Once identified and properly treated, those with diabetic neuropathy can be spared infection, amputation, and even hospitalization.

What are Some Common Risk Factors for Diabetic Neuropathy?

Uncontrolled blood glucose levels and a sedentary lifestyle are two of the main risk factors associated with peripheral diabetic neuropathy. Some research also suggests that high-risk behaviors such as drinking in excess and smoking may also contribute to nerve damage.

How Can I Prevent Diabetic Neuropathy?

Although it is not possible to prevent all cases of diabetic neuropathy, there are a number of ways to reduce your risk. The most effective approach to prevent diabetic neuropathy is to pay close attention to your blood sugar levels and engage in routine exercise. Some medications may also reduce your risk of diabetic neuropathy; however, those who are interested in medication should consult an endocrinologist or family doctor to discuss whether a regimen would be beneficial for you. While it may not be completely preventable, adopting a healthy lifestyle can significantly reduce the likelihood of developing diabetic neuropathy.

What Diabetic Neuropathy Treatment is Available?

Individuals who experience problems with their feet because of peripheral diabetic neuropathy can take several measures to prevent further complications. The initial steps in treatment start with choosing appropriate footwear and completing daily foot exams. In certain instances, medication may be prescribed to alleviate utilized pain caused by neuropathy.

While there are some interventions, the fundamental principle for treating all forms of diabetic neuropathy is actively maintaining one’s own health. After being diagnosed with diabetic neuropathy, your healthcare provider will likely prioritize assessing your diabetes management. Consultation with a family medicine physician or endocrinologist is beneficial for determining where you might require lifestyle adjustment.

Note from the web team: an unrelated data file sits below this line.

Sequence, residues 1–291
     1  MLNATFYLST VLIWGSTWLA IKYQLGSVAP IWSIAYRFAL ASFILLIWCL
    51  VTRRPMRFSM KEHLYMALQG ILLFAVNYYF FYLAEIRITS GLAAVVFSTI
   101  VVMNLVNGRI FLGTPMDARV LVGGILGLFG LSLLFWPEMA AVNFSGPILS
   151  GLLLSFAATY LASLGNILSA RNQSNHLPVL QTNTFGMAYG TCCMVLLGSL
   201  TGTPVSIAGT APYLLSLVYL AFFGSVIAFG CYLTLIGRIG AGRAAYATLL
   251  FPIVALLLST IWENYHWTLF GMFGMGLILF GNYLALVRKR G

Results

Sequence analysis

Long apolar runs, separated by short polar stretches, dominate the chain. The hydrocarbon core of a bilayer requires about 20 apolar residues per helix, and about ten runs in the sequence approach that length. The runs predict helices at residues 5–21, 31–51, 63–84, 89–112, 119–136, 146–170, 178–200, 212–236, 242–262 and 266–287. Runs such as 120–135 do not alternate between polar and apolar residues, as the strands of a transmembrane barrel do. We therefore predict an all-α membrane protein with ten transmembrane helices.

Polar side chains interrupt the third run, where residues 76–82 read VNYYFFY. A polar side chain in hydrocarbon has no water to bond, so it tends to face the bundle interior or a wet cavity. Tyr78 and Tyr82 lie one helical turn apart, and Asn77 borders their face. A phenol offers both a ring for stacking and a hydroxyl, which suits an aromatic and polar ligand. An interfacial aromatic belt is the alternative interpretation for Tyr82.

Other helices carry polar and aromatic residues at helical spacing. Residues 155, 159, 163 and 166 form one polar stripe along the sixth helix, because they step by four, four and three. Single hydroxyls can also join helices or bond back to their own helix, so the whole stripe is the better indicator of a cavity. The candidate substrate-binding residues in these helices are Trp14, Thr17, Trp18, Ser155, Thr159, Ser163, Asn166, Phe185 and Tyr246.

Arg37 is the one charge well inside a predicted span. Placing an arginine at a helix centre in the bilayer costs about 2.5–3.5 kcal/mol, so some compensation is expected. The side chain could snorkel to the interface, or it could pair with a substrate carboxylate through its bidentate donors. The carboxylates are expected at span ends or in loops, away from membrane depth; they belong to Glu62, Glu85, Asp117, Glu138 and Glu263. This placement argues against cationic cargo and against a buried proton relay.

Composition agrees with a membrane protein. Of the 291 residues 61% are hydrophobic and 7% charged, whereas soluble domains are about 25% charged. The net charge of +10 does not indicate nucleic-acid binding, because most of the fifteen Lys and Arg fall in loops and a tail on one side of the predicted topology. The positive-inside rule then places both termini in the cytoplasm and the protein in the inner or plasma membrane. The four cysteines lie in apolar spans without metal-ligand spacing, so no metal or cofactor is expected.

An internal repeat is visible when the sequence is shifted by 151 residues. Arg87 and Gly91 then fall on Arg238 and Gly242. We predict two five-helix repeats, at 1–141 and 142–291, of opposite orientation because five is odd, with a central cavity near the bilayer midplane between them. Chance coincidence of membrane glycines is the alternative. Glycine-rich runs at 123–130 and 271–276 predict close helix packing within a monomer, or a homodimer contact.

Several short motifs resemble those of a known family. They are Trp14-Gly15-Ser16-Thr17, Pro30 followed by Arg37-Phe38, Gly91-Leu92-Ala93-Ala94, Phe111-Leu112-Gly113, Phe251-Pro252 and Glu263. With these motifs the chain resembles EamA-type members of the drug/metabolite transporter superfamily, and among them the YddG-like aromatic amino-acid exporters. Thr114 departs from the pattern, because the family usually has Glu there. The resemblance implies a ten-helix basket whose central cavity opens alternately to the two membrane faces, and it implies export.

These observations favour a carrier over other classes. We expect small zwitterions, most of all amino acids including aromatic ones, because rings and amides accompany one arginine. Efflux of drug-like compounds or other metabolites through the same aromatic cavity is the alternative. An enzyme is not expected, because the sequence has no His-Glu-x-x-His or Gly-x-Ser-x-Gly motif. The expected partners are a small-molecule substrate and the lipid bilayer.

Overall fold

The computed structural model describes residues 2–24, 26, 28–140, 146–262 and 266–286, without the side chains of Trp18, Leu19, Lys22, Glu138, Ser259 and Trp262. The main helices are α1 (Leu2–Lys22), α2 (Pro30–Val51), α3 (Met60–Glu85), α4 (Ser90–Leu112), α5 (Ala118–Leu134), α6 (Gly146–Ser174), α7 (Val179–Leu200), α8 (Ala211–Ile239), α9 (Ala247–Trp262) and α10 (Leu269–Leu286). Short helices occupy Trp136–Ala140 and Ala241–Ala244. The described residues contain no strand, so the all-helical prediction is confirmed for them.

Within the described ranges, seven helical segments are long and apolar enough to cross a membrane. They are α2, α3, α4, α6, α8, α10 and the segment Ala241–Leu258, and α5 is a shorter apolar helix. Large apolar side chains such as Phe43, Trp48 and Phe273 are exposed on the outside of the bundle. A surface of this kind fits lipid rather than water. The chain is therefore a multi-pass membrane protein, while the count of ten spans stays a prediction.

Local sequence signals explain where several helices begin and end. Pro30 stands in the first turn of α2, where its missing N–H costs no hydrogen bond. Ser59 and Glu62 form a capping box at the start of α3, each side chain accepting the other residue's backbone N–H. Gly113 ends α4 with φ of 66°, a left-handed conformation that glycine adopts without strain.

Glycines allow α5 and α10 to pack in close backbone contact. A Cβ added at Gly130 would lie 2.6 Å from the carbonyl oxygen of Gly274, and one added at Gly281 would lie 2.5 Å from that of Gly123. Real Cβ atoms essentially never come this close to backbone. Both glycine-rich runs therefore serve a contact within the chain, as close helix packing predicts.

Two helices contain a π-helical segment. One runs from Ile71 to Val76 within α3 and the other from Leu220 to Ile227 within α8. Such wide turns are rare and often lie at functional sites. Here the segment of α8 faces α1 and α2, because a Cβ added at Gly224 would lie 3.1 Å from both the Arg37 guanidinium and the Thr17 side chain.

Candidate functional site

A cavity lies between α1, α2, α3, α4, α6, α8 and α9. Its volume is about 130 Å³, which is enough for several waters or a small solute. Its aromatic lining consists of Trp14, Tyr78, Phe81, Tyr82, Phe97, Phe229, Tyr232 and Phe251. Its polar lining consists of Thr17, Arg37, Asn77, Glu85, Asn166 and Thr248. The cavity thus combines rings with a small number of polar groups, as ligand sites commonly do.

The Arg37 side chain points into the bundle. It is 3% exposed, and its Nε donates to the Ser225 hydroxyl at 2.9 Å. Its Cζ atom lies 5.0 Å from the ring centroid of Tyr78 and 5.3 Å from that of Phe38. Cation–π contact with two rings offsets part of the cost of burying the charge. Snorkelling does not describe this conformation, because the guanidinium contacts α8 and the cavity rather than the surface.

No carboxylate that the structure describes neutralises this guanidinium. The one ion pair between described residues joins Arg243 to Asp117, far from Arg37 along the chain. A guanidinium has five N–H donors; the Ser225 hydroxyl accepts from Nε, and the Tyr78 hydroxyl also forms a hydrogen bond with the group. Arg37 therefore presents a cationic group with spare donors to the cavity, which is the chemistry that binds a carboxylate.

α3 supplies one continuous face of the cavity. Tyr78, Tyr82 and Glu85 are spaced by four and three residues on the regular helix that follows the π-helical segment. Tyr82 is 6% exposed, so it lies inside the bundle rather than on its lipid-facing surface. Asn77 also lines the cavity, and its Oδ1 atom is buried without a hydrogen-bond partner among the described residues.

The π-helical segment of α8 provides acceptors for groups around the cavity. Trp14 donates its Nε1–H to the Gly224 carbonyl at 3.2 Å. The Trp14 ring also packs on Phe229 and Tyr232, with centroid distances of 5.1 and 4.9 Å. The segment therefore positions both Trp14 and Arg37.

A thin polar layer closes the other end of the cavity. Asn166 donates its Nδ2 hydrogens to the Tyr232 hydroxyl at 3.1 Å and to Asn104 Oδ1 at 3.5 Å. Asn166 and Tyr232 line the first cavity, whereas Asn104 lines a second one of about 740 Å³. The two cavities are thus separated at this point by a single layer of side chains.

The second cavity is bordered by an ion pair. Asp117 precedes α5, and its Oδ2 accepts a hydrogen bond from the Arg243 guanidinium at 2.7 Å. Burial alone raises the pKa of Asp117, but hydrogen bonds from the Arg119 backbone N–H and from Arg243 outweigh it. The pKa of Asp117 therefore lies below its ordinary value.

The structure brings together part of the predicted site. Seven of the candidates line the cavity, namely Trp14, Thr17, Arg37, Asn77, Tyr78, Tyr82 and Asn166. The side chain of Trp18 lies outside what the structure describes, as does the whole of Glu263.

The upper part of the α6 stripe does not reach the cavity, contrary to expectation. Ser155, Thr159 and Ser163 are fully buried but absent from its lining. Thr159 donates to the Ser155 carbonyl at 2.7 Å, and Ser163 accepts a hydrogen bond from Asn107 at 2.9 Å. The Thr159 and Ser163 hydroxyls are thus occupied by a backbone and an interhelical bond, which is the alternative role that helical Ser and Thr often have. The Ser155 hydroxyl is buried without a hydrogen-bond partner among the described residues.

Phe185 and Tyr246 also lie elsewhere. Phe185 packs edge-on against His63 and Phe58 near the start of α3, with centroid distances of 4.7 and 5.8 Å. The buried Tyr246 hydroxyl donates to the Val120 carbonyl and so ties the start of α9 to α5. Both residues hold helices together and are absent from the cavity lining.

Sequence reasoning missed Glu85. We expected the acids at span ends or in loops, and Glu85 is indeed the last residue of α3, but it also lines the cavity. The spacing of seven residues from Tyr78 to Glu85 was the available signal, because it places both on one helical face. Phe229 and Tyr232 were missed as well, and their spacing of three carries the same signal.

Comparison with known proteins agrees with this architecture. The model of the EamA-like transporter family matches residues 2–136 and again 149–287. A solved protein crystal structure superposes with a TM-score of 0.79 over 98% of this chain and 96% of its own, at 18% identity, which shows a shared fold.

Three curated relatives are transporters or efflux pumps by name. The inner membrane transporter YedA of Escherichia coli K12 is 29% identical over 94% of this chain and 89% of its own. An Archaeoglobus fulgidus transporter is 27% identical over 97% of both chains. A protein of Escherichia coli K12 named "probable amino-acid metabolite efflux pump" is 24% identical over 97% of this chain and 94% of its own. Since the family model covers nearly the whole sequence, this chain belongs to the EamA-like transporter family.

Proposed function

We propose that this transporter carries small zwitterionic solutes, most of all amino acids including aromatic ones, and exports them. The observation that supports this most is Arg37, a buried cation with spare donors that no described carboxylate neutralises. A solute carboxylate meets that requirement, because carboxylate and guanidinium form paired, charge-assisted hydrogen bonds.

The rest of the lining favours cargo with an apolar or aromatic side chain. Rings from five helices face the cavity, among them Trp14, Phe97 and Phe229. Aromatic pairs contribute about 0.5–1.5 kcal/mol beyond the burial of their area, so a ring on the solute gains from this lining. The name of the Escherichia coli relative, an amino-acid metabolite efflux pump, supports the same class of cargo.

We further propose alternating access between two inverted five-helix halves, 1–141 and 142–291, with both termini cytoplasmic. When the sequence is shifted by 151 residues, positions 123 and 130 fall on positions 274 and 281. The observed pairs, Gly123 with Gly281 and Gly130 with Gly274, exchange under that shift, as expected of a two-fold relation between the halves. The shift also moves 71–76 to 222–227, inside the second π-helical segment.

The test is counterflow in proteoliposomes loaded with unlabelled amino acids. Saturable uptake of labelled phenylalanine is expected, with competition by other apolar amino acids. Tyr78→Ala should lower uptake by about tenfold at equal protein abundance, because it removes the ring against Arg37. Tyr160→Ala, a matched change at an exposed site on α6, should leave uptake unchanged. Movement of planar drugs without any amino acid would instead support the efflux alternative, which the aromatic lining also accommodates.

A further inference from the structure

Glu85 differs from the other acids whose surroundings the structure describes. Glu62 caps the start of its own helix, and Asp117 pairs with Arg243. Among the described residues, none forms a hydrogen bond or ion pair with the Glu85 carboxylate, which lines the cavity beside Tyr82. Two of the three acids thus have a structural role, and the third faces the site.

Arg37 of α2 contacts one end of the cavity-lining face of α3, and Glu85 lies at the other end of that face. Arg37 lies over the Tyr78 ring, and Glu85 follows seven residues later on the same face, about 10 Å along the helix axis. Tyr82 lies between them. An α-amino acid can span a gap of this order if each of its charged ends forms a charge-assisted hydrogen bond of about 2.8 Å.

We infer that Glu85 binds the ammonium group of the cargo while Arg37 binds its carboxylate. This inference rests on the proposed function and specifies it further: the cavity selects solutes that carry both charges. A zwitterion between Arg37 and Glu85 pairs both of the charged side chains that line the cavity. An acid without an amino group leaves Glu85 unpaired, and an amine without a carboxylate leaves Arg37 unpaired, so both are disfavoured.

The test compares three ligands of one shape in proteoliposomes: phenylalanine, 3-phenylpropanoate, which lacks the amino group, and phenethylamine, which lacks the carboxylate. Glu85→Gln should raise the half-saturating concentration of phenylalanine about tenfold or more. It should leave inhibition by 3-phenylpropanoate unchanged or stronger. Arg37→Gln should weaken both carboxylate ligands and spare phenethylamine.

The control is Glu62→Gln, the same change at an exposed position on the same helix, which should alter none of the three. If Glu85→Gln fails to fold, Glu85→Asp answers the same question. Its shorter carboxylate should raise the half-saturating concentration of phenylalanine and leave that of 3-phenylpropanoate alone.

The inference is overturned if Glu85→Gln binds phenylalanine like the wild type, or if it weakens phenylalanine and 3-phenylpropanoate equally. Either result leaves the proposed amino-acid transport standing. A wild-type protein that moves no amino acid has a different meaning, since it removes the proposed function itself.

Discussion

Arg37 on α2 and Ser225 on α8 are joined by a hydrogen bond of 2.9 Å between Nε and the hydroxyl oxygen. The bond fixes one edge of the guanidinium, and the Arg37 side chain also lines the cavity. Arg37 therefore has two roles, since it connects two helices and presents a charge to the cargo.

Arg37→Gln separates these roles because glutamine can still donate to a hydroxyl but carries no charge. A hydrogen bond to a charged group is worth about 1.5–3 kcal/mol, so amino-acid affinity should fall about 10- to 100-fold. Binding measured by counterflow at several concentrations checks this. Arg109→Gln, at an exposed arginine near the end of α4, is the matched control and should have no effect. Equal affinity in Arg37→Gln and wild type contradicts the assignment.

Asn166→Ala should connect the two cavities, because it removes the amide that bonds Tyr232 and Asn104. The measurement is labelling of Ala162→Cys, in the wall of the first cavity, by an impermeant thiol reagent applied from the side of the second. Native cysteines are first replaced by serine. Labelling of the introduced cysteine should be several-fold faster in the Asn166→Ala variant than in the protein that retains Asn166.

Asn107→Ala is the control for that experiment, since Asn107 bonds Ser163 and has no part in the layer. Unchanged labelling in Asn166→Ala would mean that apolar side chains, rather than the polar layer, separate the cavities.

“While a diagnosis of diabetes or neuropathy is serious and can be troubling, it is a great opportunity to change your lifestyle,” said Dr. Rasor. Many of the interventions for those with diabetes or neuropathy will also benefit your heart, bone, and immune health. Incorporating a nutritional diet and exercise into your routine is something our bodies were designed to handle.

zachary rasor

About Zachary Rasor, DPM, FACFAS

Zachary Rasor, DPM, FACFAS is a board certified Foot and Ankle surgeon with TPMG Foot and Ankle in Virginia Beach. Through creativity and attention to detail, Dr. Rasor enjoys treating a variety of pathologies found in the foot and ankle. Through his treatment, he can improve mobility and reduce pain, thus restoring a patient’s quality of life. As a foot and ankle specialist in Virginia Beach, Dr. Rasor treats a variety of lower extremity conditions including severe fractures, chronic deformities, including Charcot, arthritis and tendonitis, ulcers, and ingrown nails.